Calvin continues to deflect the charges that the reformers are sinning against antiquity. Masterfully, he demonstrates that Rome has so far degenerated from the pattern of the New Testament, that Sadolet’s appeals are in vain. “In all these points, insists Calvin, the ancient Church is on our side” (p. 74). In short, writes Calvin, “I will not permit, you, Sadoleto, by inscribing the name of Church on such abominations, both to defame her against all law and justice, and prejudice the ignorant against us” (p. 73).
Granted, for the sake of argument, that the accusations of the reformers concerning Rome’s errors are true, Sadolet insists that the unity of the church must so prevail in our minds that we do nothing to disturb her peace. Calvin rejects the accusation that he has sought to “dismember the spouse of Christ,” something Sadolet insists can scarcely be forgiven (p. 46). The reformers’ one desire is to “present her [i.e., the church] as a chaste virgin,” to “recall her to conjugal fidelity,” to “wage war against all the adulterers whom [they detect] laying snares for her chastity” (pp. 92-93). Calvin describes the leaders of the Roman church as “ravening wolves” who having “seized upon the pastor’s office” have exerted themselves to “scatter and trample upon the kingdom of Christ, filling it with ruin and devastation” (p. 75).
Calvin denies that the Reformers are “enemies of Christian unity and peace” as the cardinal alleges (p. 30). In his imagined defense before God, he appeals that he burned in zeal for the unity of the church provided the truth “were made the bond of concord” (p. 86). He complains of the unreasonableness of his opponents, who were not prepared to discuss their doctrinal differences on the basis of Scripture, but having vainly attempted to appeal to tradition, resorted to persecution. “Did they not instantly, and like madmen, fly to fires, swords and gibbets?” (p. 86) he writes. “Our Reformers,” writes Calvin,
offered to render an account of their doctrine. If overcome in argument, they decline not to submit. To whom then is it owing that the Church enjoys not perfect peace, and the light of truth? Go now, and charge us as seditious, in not permitting the Church to be quiet! (p. 94).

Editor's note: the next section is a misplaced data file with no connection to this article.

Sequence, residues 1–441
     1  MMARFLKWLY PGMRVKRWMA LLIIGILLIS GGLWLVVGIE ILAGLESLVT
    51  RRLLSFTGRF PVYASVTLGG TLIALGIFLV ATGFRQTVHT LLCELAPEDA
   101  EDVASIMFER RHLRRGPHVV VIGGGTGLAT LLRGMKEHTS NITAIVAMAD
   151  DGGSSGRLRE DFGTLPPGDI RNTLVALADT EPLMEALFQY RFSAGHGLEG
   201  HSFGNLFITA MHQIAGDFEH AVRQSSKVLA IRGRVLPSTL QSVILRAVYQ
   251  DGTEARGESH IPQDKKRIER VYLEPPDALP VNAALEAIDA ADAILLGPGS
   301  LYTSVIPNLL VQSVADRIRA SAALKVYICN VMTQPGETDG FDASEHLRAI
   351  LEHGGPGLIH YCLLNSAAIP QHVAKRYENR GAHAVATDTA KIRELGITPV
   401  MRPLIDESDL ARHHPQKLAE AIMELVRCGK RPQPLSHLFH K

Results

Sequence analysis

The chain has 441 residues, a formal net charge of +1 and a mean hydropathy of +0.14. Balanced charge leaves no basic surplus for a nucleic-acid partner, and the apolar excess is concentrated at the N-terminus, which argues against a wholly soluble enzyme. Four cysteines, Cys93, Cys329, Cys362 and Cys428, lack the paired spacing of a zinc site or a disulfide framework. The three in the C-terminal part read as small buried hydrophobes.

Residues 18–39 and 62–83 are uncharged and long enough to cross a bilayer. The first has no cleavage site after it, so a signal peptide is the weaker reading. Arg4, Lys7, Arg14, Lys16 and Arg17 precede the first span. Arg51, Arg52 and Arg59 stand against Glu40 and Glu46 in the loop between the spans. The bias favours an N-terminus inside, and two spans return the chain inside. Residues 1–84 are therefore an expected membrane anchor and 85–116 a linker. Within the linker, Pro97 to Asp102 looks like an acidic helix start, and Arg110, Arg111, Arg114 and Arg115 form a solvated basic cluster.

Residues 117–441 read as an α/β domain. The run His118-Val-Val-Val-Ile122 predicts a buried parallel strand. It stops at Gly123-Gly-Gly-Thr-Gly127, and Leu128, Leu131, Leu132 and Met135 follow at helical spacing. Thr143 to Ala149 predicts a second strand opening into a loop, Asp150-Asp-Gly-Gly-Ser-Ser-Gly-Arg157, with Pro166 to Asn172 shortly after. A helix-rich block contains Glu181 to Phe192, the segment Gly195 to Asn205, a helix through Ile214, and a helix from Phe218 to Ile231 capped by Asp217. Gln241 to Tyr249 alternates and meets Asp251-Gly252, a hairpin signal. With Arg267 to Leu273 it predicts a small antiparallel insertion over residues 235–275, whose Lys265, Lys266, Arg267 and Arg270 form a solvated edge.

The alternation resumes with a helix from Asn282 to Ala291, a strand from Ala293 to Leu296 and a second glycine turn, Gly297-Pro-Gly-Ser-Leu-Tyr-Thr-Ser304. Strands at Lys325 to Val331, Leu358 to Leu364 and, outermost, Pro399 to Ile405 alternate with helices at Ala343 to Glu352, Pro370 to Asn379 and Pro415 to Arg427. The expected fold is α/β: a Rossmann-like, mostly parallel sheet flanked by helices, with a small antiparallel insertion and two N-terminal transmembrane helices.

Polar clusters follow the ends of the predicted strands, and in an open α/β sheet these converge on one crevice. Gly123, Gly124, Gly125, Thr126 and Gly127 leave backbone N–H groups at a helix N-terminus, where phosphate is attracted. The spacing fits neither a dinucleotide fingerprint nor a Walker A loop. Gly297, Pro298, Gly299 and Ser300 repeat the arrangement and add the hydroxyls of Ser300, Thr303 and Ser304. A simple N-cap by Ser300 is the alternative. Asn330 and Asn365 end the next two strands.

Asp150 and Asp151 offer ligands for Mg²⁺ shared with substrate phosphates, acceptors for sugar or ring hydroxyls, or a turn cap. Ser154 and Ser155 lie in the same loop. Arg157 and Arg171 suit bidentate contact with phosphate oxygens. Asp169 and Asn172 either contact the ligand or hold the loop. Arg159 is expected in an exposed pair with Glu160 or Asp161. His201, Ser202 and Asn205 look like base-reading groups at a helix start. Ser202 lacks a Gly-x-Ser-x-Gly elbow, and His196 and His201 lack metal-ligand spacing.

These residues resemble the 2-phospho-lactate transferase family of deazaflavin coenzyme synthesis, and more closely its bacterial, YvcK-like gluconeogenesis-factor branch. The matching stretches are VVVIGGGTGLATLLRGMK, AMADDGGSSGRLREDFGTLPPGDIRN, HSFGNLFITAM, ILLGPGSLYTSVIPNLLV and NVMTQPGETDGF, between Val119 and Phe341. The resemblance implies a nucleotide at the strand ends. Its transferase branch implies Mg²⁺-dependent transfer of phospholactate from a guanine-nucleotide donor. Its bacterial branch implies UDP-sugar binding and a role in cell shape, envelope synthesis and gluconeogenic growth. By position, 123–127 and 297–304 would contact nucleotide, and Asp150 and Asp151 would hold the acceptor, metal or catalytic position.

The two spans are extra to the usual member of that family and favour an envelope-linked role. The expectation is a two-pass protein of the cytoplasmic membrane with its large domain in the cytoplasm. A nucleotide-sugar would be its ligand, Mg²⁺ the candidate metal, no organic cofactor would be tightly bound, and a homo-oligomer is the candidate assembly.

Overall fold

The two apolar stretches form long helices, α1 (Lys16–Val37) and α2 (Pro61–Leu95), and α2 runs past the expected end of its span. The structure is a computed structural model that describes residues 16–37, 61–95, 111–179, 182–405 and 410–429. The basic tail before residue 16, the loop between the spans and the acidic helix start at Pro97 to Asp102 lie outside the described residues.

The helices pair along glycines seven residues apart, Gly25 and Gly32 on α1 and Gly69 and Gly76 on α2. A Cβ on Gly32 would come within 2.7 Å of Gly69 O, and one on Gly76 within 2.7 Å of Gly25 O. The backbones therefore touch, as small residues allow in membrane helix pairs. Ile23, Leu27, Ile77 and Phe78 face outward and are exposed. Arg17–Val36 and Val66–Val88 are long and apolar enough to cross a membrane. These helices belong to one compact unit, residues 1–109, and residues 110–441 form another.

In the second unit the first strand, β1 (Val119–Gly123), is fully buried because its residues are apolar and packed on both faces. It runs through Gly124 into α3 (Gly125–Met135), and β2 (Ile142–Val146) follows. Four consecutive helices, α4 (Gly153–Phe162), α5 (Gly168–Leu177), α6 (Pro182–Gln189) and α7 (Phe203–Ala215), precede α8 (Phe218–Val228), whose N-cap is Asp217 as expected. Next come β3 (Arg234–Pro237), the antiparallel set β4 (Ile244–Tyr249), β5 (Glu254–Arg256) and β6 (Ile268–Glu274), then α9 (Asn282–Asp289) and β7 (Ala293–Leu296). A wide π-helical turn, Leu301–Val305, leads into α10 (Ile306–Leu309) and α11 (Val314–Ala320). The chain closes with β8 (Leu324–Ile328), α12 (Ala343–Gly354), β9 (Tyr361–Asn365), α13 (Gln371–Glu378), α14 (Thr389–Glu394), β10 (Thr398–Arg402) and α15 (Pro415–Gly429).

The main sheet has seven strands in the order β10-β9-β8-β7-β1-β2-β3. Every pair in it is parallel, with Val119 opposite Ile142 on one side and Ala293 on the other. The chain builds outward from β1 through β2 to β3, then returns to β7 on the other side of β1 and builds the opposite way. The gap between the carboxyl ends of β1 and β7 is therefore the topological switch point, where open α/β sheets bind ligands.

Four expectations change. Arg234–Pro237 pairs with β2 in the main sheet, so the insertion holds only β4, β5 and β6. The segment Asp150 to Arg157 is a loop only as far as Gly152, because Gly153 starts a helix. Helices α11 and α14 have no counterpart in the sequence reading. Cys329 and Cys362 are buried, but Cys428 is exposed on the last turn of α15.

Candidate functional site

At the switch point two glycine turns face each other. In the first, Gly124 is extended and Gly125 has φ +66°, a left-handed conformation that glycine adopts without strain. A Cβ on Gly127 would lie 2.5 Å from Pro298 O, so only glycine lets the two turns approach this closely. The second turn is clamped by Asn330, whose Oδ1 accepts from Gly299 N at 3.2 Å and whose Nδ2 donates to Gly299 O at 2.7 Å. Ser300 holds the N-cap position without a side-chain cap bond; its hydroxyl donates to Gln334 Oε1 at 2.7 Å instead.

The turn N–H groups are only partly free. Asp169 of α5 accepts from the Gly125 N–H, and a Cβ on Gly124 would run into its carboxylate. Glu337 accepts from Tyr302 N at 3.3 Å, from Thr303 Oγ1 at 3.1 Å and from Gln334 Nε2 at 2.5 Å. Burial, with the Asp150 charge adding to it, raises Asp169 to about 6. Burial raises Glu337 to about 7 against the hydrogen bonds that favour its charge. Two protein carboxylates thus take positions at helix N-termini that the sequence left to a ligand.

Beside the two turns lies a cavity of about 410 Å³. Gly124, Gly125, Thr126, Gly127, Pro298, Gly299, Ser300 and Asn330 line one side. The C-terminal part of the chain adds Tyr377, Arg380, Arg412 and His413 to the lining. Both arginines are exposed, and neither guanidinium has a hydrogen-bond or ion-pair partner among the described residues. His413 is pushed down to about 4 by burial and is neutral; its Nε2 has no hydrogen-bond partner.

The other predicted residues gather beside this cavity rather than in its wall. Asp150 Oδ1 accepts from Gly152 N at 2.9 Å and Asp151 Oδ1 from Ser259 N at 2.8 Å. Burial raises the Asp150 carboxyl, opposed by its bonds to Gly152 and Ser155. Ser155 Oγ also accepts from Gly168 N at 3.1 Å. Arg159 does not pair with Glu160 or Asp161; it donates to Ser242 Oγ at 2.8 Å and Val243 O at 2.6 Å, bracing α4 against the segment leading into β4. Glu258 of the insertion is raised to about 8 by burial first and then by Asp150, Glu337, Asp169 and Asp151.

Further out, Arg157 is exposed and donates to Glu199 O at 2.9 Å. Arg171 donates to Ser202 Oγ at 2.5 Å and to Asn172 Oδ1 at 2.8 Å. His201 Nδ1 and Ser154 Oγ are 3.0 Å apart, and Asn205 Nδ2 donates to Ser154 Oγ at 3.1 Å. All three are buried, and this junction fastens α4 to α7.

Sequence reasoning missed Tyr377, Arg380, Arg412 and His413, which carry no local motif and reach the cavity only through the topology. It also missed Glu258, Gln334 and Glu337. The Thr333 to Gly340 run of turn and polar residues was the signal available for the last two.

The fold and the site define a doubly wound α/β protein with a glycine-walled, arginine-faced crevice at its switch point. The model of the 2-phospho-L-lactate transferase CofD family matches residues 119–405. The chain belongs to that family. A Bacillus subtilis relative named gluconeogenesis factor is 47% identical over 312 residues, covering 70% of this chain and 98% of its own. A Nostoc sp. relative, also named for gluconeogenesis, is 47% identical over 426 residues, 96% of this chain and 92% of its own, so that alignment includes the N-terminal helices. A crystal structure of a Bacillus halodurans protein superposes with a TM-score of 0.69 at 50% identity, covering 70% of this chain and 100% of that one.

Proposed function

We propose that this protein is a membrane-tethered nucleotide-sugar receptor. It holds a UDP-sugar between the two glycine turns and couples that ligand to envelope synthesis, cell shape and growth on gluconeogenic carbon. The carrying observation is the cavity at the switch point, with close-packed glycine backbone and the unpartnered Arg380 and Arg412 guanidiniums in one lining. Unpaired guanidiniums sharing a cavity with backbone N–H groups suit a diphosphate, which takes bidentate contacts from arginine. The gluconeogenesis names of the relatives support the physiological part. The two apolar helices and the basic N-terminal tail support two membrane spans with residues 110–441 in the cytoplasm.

In a second imagined appeal to God, which some believe to be autobiographical in nature, Calvin laments that the state of the church compelled him to take action. The “true method of worshipping was altogether unknown to me,” he complains (p. 87). Only very reluctantly did he leave the faith of his youth: “Offended by the novelty, I lent an unwilling ear,” he confesses, and “only with the greatest difficulty I was induced to confess that I had all my life long been in ignorance and error” (p. 88). These words reveal his struggles. After he had availed himself of every means of salvation that Rome could offer he was still “far-off from true peace of conscience” and seized with “extreme terror” when he contemplated the holiness of God and his own sins (p. 88). Calvin’s defense is based on Scripture. The defense of Sadolet is (the errors in the church’s) tradition. Calvin bids Sadolet compare his defense with that of the reformers and hopes that the Cardinal will see that
the safety of that man hangs by a thread whose defense turns wholly on this—that he has constantly adhered to the religion handed down to him from his forefathers. At this rate, Jews and Turks and Saracens would escape the judgment of God (p. 90).
Having compared these two letters it is obvious that Calvin defeats all the arguments of the Cardinal, leaving him with no defense. It is remarkable that Calvin, a young pastor and relatively new to the faith, far exceeds Sadolet in knowledge of Scripture, church history and patristic literature, as well as skill in argumentation. It is little wonder that the Cardinal did not reply. It is also praiseworthy that Calvin, after being treated so poorly by the city of Geneva, was willing to write this response on their behalf.
God used this epistolary battle to restore Calvin to Geneva and further the work of Reformation in that city and, indeed, the broader work of Reformation in Europe. In his wise providence, the Almighty makes not only the wrath of man but also the craftiness of cardinals to praise him.
1 All quotations are taken from John. C. Olin (ed.), A Reformation Debate: John Calvin and Jacopo Sadoleto (Grand Rapids: Baker, 2000).